Composers > Anecdotes > Bartók and Nature
by Maureen Buja | December 18th, 2018

standard Bartók and Nature

Béla Bartók in the 1920s

Béla Bartók in the 1920s

Béla Bartók’s first ballet, The Wooden Prince (1916) takes us to the story land of princes and princesses, and, of course, evil fairies. But, to get it on stage, Bartók had to contend first with the evil management of the opera house where it was to be staged. He had presented the Royal Opera House in Budapest with his first opera, Bluebeard’s Castle, in 1911. They accepted it but put it aside and looked elsewhere for operas. Finally, in 1916, when Bartók had completed The Wooden Prince and had it successfully staged at the Royal Opera House as a ballet, the Royal Opera House put on Bluebeard’s Castle in 1918.

The Prince, by G.B.M.

The Prince, by G.B.M.

The story line for The Wooden Prince was written by Béla Balázs, who had also written the libretto for Bluebeard’s Castle. The story appeared in the Christmas 1912 issue of the journal Nyugat (The West). The story starts with, as it always does, a prince spying a princess playing in the forest. He, of course, falls in love and she knows nothing of this. Then it all goes sideways: a fairy in the forest sees the prince and wants him for herself. She causes the trees to make the obstacles to the prince’s quest, then the forest stream rises against him. All the time, the princess sits in her castle, spinning yarn. Finally, to fool the fairy, the prince makes a wooden mannequin that he dresses in his cloak, puts his crown on it, along with a lock of his hair. The fairy brings the Wooden Prince to life and the princess, of course, falls in love with it. The real prince is left behind in despair. The fairy relents, makes the Wooden Prince lifeless again, and the princess finally beholds the real prince.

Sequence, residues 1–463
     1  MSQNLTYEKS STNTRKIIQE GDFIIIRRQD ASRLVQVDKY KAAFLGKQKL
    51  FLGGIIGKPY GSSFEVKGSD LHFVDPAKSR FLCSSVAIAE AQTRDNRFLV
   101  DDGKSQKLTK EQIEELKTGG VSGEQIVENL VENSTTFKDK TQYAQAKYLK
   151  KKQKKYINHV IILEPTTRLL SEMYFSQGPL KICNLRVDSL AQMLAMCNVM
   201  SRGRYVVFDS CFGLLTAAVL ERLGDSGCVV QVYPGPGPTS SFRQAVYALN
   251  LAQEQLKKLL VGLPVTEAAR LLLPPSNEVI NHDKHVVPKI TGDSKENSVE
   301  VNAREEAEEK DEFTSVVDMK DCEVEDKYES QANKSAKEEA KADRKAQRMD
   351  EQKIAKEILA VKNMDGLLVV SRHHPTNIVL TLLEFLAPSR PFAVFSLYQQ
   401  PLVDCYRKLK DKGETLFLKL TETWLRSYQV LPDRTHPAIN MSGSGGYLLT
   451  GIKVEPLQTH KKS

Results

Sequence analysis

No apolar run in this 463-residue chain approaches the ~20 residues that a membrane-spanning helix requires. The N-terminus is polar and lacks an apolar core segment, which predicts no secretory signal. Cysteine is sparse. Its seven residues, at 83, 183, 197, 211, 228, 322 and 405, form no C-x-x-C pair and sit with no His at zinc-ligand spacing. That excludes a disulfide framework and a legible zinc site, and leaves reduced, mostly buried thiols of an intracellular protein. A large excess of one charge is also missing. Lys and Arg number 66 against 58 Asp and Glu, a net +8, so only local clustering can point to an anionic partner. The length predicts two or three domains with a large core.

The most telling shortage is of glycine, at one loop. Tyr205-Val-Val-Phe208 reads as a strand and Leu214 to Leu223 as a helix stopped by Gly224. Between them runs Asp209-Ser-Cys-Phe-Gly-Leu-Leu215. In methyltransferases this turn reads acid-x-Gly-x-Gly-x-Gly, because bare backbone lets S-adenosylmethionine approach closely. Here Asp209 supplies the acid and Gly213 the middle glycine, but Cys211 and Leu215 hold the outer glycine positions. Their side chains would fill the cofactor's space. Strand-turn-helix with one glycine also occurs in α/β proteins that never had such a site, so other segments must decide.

The Princess, by G.B.M.

The Princess, by G.B.M.

It’s mystical and magical, and like many stories, has a happy ending. Bartók’s music carries the magical side of the forward, beginning with a quite aetherial opening, which is often compared to the opening of Wagner’s Das Rheingold.

Bartók: A fabol faragott kiralyfi (The Wooden Prince), BB 74: Opening (Bournemouth Symphony Orchestra; Marin Alsop, cond.)
The Castle, by G.B.M.

The Castle, by G.B.M.

Later, when the fairy is creating obstacles for the Prince, she enchants the stream and we are in a water world.

Bartók: A fabol faragott kiralyfi (The Wooden Prince), BB 74: The Fairy Enchants the Stream – Third Dance: Dance of the Waves – (Bournemouth Symphony Orchestra; Marin Alsop, cond.)
We can hear the grotesqueries in the dance between the princess and the Wooden Prince. This is the same style of folklore music that we’ve heard in other Bartók pieces where he uses the Hungarian verbunkos dance.

The Wooden Prince, by G.B.M.

The Wooden Prince, by G.B.M.

Bartók: A fabol faragott kiralyfi (The Wooden Prince), BB 74: Fourth Dance: Dance of the Princess with the Wooden Prince (Bournemouth Symphony Orchestra; Marin Alsop, cond.)
The critical part of the work for Bartók wasn’t the story itself, but the interaction between the fairy and the prince. Once the princess had fallen in love with the Wooden Prince, the prince was in despair. The fairy realizes the depth of his pain and takes him to a tall hill in the middle of the forest. She has all the trees, flowers, and waters of the forest pay him homage and shows him the world from the hill – the prince realizes here the folly of pursuing love and that only Nature can provide solitude.

The Fairy, by G.B.M.

The Fairy, by G.B.M.

Bartók: A fabol faragott kiralyfi (The Wooden Prince), BB 74: Great Apotheosis – (Bournemouth Symphony Orchestra; Marin Alsop, cond.)
At the end, the prince and princess embrace and we return to the calmness of the opening movement, and now we realize that the beginning is the ending again – the calm of the forest returns.

Bartók: A fabol faragott kiralyfi (The Wooden Prince), BB 74: The Prince and Princess Embrace – Long Kiss – Slow Curtain (Bournemouth Symphony Orchestra; Marin Alsop, cond.)

More in Anecdotes:

Latest Articles:

Post a Comment

Your email address will not be published. Required fields are marked *